‘But first couldn’t we just take my perfectly good imagination foot out of this physical one before we start?’ I pleaded. ‘By all means.’

“That done, I had a lovely time at the concert and my friend got a tremendous ovation.

“By now I was very, very sleepy and fell asleep doing my project. The next morning, as I was putting on my slipper, I suddenly had a quick memory picture of withdrawing a discolored and swollen foot from the same slipper. I took my foot out and looked at it. It was perfectly normal in every respect. There was a tiny pink spot on the instep where I remembered I had hit it with the chair.

‘What a vivid dream that was!’ I thought and dressed. While waiting for my coffee, I wandered over to my drafting table and saw that all my brushes were lying helter-skelter and unwashed. ‘Whatever possessed you to leave your brushes like that?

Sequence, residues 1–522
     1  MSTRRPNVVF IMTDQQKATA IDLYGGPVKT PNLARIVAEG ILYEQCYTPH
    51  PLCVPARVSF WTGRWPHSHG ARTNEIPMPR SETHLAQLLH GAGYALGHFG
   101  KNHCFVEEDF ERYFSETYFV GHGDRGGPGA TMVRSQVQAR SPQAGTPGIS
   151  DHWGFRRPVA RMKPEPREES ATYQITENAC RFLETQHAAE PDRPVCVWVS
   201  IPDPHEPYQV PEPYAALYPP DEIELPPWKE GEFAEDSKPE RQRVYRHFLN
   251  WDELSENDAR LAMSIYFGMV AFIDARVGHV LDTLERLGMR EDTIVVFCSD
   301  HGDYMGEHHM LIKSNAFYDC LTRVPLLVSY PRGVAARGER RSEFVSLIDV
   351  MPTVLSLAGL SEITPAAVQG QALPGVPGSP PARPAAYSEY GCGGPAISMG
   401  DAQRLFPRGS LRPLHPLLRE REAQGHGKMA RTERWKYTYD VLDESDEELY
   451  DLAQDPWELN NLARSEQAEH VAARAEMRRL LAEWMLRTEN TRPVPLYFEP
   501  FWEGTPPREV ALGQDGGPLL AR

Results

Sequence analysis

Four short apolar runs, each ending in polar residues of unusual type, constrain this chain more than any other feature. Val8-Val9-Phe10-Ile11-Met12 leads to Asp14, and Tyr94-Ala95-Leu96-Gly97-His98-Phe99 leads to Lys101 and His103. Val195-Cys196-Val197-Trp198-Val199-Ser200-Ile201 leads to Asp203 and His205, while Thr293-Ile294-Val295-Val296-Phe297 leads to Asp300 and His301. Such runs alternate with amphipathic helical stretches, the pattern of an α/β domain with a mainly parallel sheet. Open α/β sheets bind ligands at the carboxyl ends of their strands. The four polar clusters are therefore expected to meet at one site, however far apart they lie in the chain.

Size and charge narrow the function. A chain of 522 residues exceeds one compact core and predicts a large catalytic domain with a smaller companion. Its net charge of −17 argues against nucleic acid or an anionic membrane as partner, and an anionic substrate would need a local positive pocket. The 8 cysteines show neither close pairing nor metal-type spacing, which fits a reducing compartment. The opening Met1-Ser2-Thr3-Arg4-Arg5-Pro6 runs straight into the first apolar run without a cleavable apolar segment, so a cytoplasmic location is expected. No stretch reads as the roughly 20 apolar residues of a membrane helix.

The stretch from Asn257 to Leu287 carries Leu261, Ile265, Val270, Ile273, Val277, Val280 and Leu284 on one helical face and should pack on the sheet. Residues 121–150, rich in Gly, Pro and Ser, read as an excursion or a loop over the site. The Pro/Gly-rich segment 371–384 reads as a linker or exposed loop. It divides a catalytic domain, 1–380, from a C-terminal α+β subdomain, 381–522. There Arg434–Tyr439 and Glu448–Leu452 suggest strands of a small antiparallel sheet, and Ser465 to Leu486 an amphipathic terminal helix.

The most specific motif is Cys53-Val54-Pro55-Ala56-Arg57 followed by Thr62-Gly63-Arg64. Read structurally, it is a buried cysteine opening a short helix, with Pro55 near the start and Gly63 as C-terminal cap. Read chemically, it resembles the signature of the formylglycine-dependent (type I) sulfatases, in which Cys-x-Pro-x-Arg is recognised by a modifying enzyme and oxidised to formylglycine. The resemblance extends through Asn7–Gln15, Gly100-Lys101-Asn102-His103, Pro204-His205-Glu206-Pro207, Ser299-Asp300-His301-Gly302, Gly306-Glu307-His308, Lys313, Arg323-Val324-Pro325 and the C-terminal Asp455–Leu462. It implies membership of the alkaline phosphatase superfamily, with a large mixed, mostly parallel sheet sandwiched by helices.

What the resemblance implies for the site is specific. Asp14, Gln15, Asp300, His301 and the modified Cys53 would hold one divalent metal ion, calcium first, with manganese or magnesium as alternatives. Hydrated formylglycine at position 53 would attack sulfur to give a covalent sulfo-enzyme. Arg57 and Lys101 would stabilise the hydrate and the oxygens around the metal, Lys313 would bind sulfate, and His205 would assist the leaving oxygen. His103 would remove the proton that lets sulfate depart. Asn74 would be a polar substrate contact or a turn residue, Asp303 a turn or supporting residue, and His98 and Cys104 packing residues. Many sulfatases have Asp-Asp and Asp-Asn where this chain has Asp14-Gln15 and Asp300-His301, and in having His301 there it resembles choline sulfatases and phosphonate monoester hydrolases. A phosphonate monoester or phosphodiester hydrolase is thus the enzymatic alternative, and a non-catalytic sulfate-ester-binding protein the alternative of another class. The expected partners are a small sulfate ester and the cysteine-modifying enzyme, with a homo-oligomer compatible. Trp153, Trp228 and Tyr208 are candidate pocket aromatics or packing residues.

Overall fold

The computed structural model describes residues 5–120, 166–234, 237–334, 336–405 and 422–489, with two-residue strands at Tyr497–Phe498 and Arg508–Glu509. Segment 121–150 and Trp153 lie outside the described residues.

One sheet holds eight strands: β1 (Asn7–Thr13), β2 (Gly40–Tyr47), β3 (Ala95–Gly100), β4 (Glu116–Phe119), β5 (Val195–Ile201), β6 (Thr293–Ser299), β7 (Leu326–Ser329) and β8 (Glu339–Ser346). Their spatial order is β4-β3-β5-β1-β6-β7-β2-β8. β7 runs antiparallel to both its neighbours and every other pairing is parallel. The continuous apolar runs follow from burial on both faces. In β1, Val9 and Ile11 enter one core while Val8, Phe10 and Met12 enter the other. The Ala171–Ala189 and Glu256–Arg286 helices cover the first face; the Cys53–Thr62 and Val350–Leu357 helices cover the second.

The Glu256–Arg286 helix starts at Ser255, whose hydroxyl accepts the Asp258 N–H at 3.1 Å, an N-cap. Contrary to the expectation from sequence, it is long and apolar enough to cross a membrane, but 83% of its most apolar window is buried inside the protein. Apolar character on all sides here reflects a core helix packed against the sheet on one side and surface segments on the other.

‘Don’t you remember? It was because of your foot.’

So it hadn’t been a dream after all, but a beautiful healing.”

She had won by the art of revision what she would never have won by force.

In Heaven, the only Art of Living Is Forgetting & Forgiving. Especially to the Female. – Blake

We should take our life, not as it appears to be, but from the vision of this artist, from the vision of the world made perfect that is buried under all minds – buried and waiting for us to revise the day.

We are led to believe a lie when we see with, not through the eye. Blake

A revision of the day, and what she held to be so stubbornly real was no longer so to her and, like a dream, had quietly faded away.